This week, I am in New York for the UN High-Level Meeting on HIV/AIDS. This discussion will mark critical milestones, including three decades of the pandemic and the 10-year anniversary of the 2001 UN General Assembly Special Session on HIV/AIDS and the resulting Declaration of Commitment. The past decade has seen remarkable advances in the fight against AIDS in developing countries, with the United States playing a pivotal role through PEPFAR. As the largest donor by far to fighting global HIV/AIDS, the U.S. will use this landmark event to re-energize public support and political commitment for a continued, effective, and shared response to the global HIV/AIDS epidemic.
As a young physician in the 1980s in San Francisco, I found myself in the middle of the emerging epidemic in America. In those days before treatment, I worked with hundreds of young men and women, treating opportunistic infections and helping people live and die with dignity. During those long days, I was guided by inspiration, which fueled the hope. Hope for the providers so they could impart hope to those so desperately seeking our help. If I wasn’t inspired to help, I couldn’t wake up and do what I did every day.
This work on the front lines impacted my later efforts in the policy arena. I wanted to ensure that our government was responding to the needs of the people in my clinics and the clinics like mine across the United States. In the Clinton Administration, I served as one of the President’s advisors on HIV/AIDS. As the first Director of the Ryan White Care Act at the U.S. Department of Health and Human Services, I helped develop HIV/AIDS delivery systems in the United States. It was in this arena that I started to focus on what we could achieve through a collective response in developing a continuum of services for the populations impacted by this disease.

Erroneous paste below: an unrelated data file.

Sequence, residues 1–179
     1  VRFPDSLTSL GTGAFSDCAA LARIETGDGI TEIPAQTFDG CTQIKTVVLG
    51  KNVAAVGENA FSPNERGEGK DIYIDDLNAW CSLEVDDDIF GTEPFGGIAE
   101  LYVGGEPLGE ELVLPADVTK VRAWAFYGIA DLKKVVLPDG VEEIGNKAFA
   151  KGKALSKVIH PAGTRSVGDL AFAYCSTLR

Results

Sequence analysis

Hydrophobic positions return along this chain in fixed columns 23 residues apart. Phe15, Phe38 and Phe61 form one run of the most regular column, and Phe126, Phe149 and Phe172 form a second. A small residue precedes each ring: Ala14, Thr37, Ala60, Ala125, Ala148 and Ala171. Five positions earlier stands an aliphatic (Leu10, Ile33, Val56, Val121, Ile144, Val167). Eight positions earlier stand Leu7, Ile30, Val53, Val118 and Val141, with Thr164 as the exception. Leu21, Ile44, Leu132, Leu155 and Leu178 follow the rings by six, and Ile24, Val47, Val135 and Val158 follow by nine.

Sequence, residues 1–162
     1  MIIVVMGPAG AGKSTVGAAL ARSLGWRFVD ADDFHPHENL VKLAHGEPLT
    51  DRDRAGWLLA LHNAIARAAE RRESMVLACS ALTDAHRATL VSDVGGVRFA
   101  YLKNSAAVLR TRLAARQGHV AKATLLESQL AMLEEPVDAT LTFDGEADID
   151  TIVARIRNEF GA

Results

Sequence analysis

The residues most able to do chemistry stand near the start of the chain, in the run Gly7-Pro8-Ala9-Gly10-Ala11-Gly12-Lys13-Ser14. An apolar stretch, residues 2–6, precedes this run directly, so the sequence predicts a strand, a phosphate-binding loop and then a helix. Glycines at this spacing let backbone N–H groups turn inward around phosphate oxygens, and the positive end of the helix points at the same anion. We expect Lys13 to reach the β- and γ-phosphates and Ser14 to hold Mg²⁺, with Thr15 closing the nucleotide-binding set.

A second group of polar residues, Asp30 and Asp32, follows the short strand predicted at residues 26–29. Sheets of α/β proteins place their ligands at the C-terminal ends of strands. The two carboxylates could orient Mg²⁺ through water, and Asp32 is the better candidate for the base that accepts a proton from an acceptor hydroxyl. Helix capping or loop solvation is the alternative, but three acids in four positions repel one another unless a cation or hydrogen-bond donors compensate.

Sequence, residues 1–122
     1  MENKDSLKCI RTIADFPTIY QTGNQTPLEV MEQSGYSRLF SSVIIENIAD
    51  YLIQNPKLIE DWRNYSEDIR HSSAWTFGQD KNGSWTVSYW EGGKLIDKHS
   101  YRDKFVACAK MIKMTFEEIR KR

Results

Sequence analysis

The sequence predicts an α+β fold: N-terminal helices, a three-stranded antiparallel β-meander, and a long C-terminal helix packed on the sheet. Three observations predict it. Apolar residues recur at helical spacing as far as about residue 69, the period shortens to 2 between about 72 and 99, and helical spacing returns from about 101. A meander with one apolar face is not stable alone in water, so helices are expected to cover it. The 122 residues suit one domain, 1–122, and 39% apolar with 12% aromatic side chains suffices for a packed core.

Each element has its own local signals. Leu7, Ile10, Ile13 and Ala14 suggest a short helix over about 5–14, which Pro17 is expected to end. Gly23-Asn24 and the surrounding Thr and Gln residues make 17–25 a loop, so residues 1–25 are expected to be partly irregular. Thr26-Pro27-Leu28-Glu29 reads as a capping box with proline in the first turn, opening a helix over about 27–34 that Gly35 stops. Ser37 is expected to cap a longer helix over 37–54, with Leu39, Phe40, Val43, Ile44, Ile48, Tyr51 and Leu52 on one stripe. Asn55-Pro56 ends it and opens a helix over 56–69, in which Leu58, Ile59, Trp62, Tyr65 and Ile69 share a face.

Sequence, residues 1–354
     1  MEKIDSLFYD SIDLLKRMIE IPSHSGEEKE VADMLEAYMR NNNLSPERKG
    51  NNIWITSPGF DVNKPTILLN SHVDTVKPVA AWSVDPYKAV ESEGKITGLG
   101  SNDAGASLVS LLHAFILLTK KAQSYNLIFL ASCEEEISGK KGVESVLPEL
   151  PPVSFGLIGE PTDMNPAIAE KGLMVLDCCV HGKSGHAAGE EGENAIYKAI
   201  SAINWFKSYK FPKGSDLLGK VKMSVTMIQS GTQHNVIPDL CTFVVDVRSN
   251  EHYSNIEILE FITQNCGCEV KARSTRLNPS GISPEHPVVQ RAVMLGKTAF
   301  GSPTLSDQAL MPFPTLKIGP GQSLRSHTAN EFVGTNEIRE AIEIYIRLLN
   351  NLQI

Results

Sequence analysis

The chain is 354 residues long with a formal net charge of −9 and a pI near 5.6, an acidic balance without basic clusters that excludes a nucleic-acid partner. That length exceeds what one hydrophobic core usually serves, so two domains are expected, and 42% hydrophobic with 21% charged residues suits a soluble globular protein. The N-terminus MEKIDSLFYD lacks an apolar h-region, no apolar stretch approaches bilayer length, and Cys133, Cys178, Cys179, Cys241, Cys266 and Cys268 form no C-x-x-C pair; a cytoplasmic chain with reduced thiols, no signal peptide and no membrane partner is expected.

It was during this time that we made enormous strides in treatment. The discovery of antiretroviral therapy revolutionized care in the United States, but also highlighted the disparities in access facing many low-income and marginalized populations. We developed the first clinical guidelines for treatment, which played and continue to play a key role in facilitating scale-up of programs, particularly in non-specialty settings that improved access. A ‘warmline’ phone system was set up to field calls from providers with questions about managing therapy. We also conceived of and implemented with the Congressional Black Caucus, the Minority AIDS Initiative, focused on bringing federal resources to CBOs well interfaced with minority populations, but not familiar with administrative requirements to receive federal funding. Together, these steps helped Ryan White and other federal programs respond to the need and helped to expand access to not only treatment, but the supportive services needed to help with identification and retention in care, and impacted overall health.